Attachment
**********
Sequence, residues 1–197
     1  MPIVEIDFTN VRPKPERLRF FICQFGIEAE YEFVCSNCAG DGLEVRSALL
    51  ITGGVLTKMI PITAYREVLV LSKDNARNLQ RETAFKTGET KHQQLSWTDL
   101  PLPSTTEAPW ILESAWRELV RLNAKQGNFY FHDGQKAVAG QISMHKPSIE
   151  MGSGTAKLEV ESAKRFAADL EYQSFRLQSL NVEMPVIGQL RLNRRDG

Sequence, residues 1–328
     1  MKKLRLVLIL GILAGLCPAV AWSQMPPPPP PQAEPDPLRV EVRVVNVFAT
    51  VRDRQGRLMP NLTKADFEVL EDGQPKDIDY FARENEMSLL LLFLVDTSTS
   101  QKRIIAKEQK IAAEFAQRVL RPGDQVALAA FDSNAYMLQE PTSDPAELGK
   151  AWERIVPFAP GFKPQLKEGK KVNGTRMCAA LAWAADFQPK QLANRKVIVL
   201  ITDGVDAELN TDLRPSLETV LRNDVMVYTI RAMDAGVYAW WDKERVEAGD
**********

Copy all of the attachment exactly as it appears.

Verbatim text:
Sequence, residues 1–197
     1  MPIVEIDFTN VRPKPERLRF FICQFGIEAE YEFVCSNCAG DGLEVRSALL
    51  ITGGVLTKMI PITAYREVLV LSKDNARNLQ RETAFKTGET KHQQLSWTDL
   101  PLPSTTEAPW ILESAWRELV RLNAKQGNFY FHDGQKAVAG QISMHKPSIE
   151  MGSGTAKLEV ESAKRFAADL EYQSFRLQSL NVEMPVIGQL RLNRRDG

Sequence, residues 1–328
     1  MKKLRLVLIL GILAGLCPAV AWSQMPPPPP PQAEPDPLRV EVRVVNVFAT
    51  VRDRQGRLMP NLTKADFEVL EDGQPKDIDY FARENEMSLL LLFLVDTSTS
   101  QKRIIAKEQK IAAEFAQRVL RPGDQVALAA FDSNAYMLQE PTSDPAELGK
   151  AWERIVPFAP GFKPQLKEGK KVNGTRMCAA LAWAADFQPK QLANRKVIVL
   201  ITDGVDAELN TDLRPSLETV LRNDVMVYTI RAMDAGVYAW WDKERVEAGD